Low River Levels, Soaring Barge Freight Curb U.S. Grain Exports
Numerous barges have run aground on the lower Mississippi River, and grain barge shipping rates are soaring to historic highs this week, as drought has dropped inland waterways to levels not seen in decades.
And with little rain in the forecast, the low water levels are hampering already sluggish grain exports at the U.S. Gulf Coast, where some 60% of U.S. corn, soybean and wheat exports exit the country.
The logistical snarls come as the Midwest harvest progresses and the busiest crop export season starts, in a year when tight global supplies and strong demand for food and fuel are helping propel inflation to soaring highs.
“The projections for the water levels are going down, which means this situation is going to get worse,” said Mike Steenhoek, executive director for the Soy Transportation Coalition. “Unless we get a significant amount of rainfall soon, this season is going to be a challenge.”
Barge travel has long been one of the most cost-efficient means of getting commodity crops into the global market.
But cracks are showing. Shipping lines have sharply reduced barge drafts so that the vessels sit higher on the river, effectively cutting tonnage per barge by a quarter or more, shippers and traders said.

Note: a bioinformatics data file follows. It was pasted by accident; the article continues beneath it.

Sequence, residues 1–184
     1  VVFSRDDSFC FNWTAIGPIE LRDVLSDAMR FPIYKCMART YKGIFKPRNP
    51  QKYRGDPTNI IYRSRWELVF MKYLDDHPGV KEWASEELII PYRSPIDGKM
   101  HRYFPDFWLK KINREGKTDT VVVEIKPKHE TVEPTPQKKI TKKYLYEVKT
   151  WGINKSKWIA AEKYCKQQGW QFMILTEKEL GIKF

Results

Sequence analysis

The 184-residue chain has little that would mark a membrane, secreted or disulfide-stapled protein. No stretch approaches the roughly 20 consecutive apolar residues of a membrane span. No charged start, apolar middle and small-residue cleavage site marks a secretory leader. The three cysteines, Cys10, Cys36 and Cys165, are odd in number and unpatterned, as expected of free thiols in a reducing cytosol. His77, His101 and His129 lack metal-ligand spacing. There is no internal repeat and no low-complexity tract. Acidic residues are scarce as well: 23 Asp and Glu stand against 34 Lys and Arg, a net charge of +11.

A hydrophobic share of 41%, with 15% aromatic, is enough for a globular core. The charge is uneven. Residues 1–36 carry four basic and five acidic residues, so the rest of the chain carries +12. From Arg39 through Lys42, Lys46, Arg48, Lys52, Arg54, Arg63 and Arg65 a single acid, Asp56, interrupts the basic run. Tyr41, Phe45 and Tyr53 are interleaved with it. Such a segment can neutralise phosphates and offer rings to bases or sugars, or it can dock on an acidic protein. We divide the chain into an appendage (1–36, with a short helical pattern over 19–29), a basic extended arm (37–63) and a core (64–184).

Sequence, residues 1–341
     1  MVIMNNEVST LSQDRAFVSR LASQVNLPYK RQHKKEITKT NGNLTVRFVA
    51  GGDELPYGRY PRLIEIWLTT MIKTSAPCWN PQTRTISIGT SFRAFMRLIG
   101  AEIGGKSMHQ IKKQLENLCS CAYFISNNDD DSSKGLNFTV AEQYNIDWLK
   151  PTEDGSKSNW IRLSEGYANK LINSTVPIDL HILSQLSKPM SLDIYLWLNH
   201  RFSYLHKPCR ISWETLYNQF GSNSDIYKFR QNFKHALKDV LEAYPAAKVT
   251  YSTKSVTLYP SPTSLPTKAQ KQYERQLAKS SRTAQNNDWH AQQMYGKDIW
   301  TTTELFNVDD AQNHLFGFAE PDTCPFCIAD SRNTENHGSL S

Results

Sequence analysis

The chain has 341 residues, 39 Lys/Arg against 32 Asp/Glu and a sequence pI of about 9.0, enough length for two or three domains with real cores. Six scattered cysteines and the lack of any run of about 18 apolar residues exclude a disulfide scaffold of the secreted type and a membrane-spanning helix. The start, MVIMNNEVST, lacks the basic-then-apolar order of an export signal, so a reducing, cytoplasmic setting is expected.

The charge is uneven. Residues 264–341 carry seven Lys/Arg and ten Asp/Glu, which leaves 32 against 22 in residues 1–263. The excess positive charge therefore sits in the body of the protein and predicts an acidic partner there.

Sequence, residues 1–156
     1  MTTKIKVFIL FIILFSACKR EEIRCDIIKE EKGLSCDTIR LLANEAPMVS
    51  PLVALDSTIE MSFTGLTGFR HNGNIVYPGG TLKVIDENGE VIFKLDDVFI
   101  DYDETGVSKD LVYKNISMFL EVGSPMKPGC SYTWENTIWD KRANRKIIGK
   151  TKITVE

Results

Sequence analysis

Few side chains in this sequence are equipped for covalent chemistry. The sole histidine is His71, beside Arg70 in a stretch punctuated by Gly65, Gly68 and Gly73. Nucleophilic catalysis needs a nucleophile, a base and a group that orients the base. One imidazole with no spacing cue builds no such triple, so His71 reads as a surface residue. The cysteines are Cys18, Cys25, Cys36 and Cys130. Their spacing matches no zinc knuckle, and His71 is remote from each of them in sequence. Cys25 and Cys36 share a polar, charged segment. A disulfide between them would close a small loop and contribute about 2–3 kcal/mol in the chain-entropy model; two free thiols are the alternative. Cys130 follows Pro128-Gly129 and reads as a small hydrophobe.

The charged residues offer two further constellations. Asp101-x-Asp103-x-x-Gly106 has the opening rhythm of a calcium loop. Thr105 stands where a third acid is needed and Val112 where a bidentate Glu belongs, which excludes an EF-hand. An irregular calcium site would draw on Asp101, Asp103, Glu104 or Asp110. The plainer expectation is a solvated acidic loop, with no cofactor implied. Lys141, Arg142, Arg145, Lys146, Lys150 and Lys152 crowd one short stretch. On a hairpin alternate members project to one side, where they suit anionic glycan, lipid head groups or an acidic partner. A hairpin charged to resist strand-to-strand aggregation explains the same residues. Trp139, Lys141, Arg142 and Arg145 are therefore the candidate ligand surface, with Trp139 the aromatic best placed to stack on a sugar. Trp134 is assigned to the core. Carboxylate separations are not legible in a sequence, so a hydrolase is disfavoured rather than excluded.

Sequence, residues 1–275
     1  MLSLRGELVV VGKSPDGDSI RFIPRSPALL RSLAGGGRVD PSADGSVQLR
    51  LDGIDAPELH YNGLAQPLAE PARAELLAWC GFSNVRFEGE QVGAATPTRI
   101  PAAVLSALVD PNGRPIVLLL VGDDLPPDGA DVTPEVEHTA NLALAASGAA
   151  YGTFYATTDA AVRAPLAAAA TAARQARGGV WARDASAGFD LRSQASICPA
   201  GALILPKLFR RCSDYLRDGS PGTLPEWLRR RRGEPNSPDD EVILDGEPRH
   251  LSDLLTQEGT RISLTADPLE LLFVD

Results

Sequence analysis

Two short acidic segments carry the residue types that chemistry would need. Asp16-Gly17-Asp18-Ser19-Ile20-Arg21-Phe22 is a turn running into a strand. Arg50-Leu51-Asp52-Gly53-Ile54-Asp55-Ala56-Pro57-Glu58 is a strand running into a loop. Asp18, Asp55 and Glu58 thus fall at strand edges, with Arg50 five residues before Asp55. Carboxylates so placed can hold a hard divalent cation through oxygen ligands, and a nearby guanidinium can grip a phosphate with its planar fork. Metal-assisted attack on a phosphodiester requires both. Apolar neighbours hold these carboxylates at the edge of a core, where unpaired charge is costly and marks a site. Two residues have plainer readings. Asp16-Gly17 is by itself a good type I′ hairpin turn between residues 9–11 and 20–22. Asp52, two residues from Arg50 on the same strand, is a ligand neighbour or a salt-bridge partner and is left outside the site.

Tow boats on the lower Mississippi are forced to reduce the number of barges per tow by nearly 40% to squeeze through drought-parched shipping lanes, they said.
That has some grain elevators scrambling to find alternatives for moving their crops for export, according to sources at three river elevators. Some grain sellers are looking at rail freight, or scouting ports outside of New Orleans, they said.
The Mississippi River at the Memphis, Tennessee, gauge was at the eighth-lowest level on record on Thursday and was likely to challenge an all-time low set during the drought of 1988 by mid-October, according to a National Weather Service forecast.
One barge shipper said at least 10 boats have run aground south of Cairo, Illinois, in the past week, while others are carrying less cargo.
“Guys that thought they would be loading 12-foot drafts are now loading 9-1/2 or less, so you just lost at least 500 tons per barge,” he said.
That loss of volume and the slowed navigation has spiked barge shipping costs and made U.S. crops less competitive globally. The U.S. dollar near a 20-year high has further dampened demand.
Brazil, the world’s biggest soybean supplier, has overtaken the United States as the most competitive shipper of the oilseed to top importer China, the head of rail company Rumo RAIL3.SA said on Thursday.
Barge freight at the busy U.S. Port of St. Louis hit a record-high $49.88 per ton this week, up 58% from a year ago, the U.S. Department of Agriculture (USDA) said.
Since the start of this month, grain barge unloads at Louisiana Gulf Coast export terminals were 39% below the five-year average, USDA data showed.